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#237. Peter Jackson

Some directors are well known, not because they have made a lot of films, but because the films they have made impacted society so heavily. Because of these directors’ gravitas, we welcome any film they choose to create with much anticipation. Unfortunately, many of these directors can’t live up to their breakout success. Directors like the Wachowski’s (with The Matrix (1999)), M. Night Shyamalan (with The Sixth Sense (1999)), and Neill Blomkamp (with District 9 (2009)) have all created fantastic films, but their follow-up creations have been less-than-stellar, critically speaking. Usually, we see a steady decline in quality as these directors continue to create, essentially cementing them as “one-hit wonders”. This week, we’ll be examining some of the better-known works of one of these directors: Peter Jackson.

                                  The Lord of the Rings: Return of the King
Year: 2003The Lord of the Rings: The Return of the King
Rating: PG-13
Length: 201 minutes / 3.35 hours

Critics of literary adaptations have always held certain works in highest esteem. They say that “it could never be made” and “the book will always be better”. The Lord of the Rings was just such a book. While there were a few adaptations in the 1970’s, none were treated with as much care as the trilogy created by Peter Jackson. Shot over the span of a few years, all three films in their extended format thoroughly cover the fantasy epic loved by millions. Unfortunately, a decade later, Jackson would go on to “George Lucas” himself by directing a prequel trilogy that had lost a lot of the elements that had made the original trilogy work so well (much like Lucas did with Star Wars). The Hobbit is a short prequel novel to the Lord of the Rings and many felt that padding it out to three movies by using the Lord of the Rings’ appendices was unnecessary.

Some of Peter Jackson’s success with The Lord of the Rings came from his previous works in the horror genre. Films like Bad Taste (1987), Braindead (1992), and The Frighteners (1996) gave him the experience to create the ugly creatures that embody the evil forces led by Sauron in Middle Earth. These orcs, trolls, and wraiths are truly terrifying, especially when collected, en masse, to counter the forces led by Aragorn (Viggo Mortensen) marching on Mordor. Meanwhile, Frodo Baggins (Elijah Wood) and Samwise Gamgee (Sean Astin) complete the last leg of their journey, surreptitiously sneaking behind enemy lines to arrive at Mount Doom: the volcano that created Sauron’s one ring of power. As the armies of men distract Sauron’s gaze, the two hobbits struggle with the temptation of evil in their penultimate quest to destroy the ring.

King KongKing Kong
Year: 2005
Rating: PG-13
Length: 187 minutes / 3.12 hours

How many of us have that one film from our childhood that influenced us to no end? Did you ever set up your action figures to recreate scenes from Star Wars? Would you take your Lego figurines and use them to film stop-motion re-enactments from Harry Potter? In these regards, Peter Jackson is as much one of us as he is a big-budget Hollywood director. As a child, one of the main influences which inspired him into making movies was that of King Kong (1933). Even with limited resources, he would try to remake it with models he had made himself. Many decades later, just coming off the high praise for the aforementioned Lord of the Rings series, Jackson finally had the money and technology to make his dream a reality. In 2005, Peter Jackson would go on to remake his favorite film of all time: King Kong.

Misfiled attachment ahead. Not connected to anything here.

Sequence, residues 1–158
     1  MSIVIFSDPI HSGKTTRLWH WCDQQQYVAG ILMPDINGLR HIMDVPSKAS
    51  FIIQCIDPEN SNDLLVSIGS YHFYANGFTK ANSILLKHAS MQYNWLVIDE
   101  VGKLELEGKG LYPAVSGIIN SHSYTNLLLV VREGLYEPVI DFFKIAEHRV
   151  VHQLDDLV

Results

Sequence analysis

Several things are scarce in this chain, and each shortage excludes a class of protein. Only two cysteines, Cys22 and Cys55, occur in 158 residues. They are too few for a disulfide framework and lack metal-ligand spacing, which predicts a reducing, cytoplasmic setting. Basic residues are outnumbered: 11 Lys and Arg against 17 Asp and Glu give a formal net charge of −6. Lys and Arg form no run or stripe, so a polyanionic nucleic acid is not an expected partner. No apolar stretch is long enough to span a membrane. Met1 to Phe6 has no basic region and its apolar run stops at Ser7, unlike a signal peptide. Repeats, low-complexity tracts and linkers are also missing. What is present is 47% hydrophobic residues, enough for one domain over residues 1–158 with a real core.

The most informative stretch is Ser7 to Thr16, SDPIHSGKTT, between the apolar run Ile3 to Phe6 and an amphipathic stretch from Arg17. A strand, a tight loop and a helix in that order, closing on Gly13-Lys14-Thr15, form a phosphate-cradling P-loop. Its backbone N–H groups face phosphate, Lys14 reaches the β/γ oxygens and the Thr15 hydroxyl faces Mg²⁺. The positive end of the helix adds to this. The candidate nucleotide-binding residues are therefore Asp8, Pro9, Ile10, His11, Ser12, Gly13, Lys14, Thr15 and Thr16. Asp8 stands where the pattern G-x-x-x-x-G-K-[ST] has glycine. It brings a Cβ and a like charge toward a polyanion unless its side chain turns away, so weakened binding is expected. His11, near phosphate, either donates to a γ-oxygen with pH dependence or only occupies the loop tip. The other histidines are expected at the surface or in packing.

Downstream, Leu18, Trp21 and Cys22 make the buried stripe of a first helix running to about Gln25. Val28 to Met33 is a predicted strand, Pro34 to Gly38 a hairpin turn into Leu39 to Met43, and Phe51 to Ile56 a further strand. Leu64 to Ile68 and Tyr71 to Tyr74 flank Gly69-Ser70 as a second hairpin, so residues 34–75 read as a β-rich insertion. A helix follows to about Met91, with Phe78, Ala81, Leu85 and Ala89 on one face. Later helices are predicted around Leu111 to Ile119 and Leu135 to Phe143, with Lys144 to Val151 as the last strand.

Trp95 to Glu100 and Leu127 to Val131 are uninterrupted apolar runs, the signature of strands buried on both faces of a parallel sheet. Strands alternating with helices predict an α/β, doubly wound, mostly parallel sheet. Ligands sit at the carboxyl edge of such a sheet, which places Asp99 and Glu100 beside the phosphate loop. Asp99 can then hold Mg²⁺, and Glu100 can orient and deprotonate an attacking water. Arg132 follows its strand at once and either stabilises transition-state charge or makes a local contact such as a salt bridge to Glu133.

A film about making movies, King Kong follows out-of-work actress Ann Darrow (Naomi Watts) as she comes upon hard times during the Great Depression. In a stroke of good luck, she is discovered by Carl Denham (Jack Black), an enthusiastic director who wants to shoot his latest project on location: Skull Island. This mysterious island that time forgot ends up being much more dangerous than anyone could imagine. With enormous insects, once-extinct dinosaurs, and the eponymous King Kong (Andy Serkis), the small crew barely makes it away alive, let alone with the enormous gorilla in their cargo hold. Once back in New York, Denham decides to put the beast on display, but when it escapes and takes Ann hostage, she tries to let everyone know that Kong is mostly harmless. Unfortunately, the beast meets its demise atop the Empire State Building, falling to its death on the streets below.

2 sum it up: 2 films, 2 giant Jackson blockbusters

Bacon #: 2 (The Lord of the Rings: The Return of the King / Elijah Wood -> Beyond All Boundaries / Kevin Bacon)

 

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One response to “#237. Peter Jackson

  1. Pingback: End of Act Five | Cinema Connections

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